The sunlight coming through the aspen branches this afternoon seems tired from traveling. It finally makes its way to the house and scribbles something on the frost-thick windows with meaning only for us who live here.
It’s good to be home again. The bookcases lining the walls, our kitchen – the soul of the house – Dakota the Singing Husky comfortably reclined on the rug: Wherever I look, this place holds me up.
Every day I have the day I set out to have. It’s work and I love it. Still, today feels easier than yesterday, when I texted the engineer every two seconds, checked for email from L every five minutes, paced and worried, wondering if she would trust me with the new arrangement. We were in the city every day this week working non-stop on her new tracks. There’s this project and two others, and the weekly live shows … it can all seem rushed and desperate, and it’s easy in our rushing to brush past our own lives.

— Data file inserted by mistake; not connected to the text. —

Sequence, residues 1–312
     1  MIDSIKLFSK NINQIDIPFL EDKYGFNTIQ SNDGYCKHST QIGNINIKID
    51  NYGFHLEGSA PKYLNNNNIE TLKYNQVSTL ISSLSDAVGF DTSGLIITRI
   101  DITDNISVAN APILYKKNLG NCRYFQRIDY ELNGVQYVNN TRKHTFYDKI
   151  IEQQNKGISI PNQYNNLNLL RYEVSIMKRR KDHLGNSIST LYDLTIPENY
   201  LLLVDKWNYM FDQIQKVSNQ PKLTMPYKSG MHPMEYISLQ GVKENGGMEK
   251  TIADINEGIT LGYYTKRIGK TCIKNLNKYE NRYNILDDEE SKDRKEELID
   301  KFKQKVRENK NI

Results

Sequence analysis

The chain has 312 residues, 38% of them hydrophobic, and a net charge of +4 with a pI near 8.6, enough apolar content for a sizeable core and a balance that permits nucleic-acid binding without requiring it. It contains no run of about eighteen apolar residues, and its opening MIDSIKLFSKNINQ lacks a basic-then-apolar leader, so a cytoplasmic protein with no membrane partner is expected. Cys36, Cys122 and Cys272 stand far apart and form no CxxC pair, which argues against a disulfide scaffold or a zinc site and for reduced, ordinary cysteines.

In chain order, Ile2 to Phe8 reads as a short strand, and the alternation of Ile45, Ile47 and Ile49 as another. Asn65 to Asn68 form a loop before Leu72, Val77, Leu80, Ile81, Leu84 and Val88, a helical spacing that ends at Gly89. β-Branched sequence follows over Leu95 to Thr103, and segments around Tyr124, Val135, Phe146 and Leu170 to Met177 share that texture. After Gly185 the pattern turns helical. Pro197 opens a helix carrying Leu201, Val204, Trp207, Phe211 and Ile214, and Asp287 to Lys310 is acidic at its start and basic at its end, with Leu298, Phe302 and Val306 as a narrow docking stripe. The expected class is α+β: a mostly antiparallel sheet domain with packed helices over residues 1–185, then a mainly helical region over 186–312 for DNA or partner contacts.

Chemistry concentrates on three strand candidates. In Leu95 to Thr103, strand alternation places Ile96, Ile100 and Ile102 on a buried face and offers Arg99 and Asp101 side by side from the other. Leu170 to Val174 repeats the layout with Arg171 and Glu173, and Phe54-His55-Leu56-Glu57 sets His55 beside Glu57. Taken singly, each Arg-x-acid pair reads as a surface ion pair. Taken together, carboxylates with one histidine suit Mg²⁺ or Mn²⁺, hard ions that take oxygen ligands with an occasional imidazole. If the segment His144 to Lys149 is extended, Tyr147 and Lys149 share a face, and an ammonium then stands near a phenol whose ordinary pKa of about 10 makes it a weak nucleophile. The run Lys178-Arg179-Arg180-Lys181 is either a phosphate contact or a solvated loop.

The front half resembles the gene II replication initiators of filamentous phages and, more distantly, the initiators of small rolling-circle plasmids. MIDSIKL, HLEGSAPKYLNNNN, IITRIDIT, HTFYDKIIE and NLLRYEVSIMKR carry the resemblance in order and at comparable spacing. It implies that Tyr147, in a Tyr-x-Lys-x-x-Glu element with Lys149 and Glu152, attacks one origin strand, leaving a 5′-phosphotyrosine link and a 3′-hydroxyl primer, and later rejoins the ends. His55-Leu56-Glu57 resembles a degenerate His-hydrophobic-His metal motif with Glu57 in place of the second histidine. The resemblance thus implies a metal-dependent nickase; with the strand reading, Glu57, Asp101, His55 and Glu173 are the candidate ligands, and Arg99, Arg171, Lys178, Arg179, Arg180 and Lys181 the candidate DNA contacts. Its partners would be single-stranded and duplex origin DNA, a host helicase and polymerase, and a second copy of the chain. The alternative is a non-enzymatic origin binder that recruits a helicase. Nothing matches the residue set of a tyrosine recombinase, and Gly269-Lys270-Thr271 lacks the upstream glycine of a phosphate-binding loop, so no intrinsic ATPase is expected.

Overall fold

But slowness enters me when I’m home. I don’t hurry, because the house does not. I love being here and enjoying the natural world. I find it nourishing, but not in an artistic way. For me, music happens out of tensions and counter tensions.
Many people begin making art because something emotionally consequential has happened to them, which they think they need to get out. I think that’s the amateur’s impulse for making art. If you wait for inspiration, you aren’t going to make very much art, unless you have a much more interesting life than the people who make art every single day do.
Okay, back to work. Back to the upstairs studio, back to the song fragments waiting to be uncovered and built upon.